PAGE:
The implication is that battle group is going to fool around in the strait and directly oppose the Iranian exercises. What it doesn't say is that the battle group were transiting the strait - headed south. They are headed out of the Persian Gulf. They are getting out of the bathtub, out where they have some "sea room" to spread out and form their protected "bubble" maybe even declare a maritime exclusion zone around the battle group etc. Bottled up in the gulf, yes the Stennis would be hard pressed just defending the group. With room to maneuver she is a genuine threat that can take the offensive.



 
Location: coldest N.America | Registered: May 03, 2005Reply With QuoteReport This Post



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"The deployment of U.S. military assets in the Persian Gulf region will continue as it has for decades," Little said in a written statement. "These are regularly scheduled movements in accordance with our longstanding commitments to the security and stability of the region and in support of ongoing operations."
 
Location: Vancouver Island, Canada | Registered: September 30, 2001Reply With QuoteReport This Post
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poking the US in the eye.”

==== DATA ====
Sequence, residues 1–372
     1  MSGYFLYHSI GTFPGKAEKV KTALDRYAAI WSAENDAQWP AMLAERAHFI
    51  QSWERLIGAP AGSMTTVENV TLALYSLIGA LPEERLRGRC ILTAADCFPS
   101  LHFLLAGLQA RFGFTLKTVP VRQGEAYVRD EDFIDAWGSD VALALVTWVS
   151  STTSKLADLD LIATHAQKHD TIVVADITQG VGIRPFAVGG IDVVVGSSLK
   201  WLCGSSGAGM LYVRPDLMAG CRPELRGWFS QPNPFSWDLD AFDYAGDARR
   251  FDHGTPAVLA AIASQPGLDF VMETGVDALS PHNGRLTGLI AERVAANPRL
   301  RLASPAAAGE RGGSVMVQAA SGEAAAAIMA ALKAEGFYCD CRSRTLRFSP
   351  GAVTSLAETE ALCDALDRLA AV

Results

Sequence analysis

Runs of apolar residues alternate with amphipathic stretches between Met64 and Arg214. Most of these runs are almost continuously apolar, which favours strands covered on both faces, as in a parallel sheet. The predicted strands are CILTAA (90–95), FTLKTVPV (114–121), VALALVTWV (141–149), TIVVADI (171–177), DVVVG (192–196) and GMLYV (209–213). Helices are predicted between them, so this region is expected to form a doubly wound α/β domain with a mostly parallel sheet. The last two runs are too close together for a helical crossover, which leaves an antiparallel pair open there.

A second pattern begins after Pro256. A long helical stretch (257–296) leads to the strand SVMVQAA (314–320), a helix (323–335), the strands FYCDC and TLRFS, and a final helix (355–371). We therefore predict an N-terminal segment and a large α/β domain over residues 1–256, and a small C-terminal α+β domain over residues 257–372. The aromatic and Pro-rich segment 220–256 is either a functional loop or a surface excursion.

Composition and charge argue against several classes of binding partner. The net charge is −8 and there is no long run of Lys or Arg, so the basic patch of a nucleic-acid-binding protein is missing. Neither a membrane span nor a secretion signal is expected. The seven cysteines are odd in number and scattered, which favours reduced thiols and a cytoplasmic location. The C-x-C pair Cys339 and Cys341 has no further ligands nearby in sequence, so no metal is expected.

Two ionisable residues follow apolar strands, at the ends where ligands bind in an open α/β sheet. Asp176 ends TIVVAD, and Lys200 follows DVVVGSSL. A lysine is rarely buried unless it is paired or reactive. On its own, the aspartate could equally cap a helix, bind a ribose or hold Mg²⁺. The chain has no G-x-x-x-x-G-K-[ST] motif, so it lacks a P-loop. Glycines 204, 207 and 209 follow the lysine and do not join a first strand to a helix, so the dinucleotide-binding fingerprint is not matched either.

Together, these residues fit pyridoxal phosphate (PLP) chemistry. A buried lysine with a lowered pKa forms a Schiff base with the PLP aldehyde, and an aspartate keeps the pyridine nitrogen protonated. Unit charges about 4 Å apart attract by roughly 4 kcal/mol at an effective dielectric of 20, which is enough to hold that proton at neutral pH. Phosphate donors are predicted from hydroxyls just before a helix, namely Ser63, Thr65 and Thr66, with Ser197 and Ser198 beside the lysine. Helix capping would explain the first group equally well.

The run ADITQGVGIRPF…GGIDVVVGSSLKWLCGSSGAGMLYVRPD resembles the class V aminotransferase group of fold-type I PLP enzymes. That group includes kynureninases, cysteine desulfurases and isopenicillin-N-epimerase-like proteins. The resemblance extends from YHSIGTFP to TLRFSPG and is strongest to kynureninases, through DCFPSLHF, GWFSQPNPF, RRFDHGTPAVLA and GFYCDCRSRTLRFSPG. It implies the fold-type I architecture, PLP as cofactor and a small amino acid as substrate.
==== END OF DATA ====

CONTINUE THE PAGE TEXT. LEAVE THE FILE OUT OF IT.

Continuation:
That’s because the bulk of US imports, which are about 9 million barrels of oil per day, come from places such as Canada, Mexico, Brazil, Africa, and Europe. Also, with a stockpile of more than 700 million barrels of oil in the Strategic Petroleum Reserve, the US could draw down from it over 466 days at a rate of 1.5 million barrels of oil per day.

By comparison, the US imports about 1.8 million barrels of oil a day from the Middle East – about 1.1 million barrels from Saudi Arabia.
 
Location: Vancouver Island, Canada | Registered: September 30, 2001Reply With QuoteReport This Post
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quote:
Originally posted by john galt:
Not much of the oil for the USA goes through this strait anymore.

This military posturing is mainly for the rest of the world.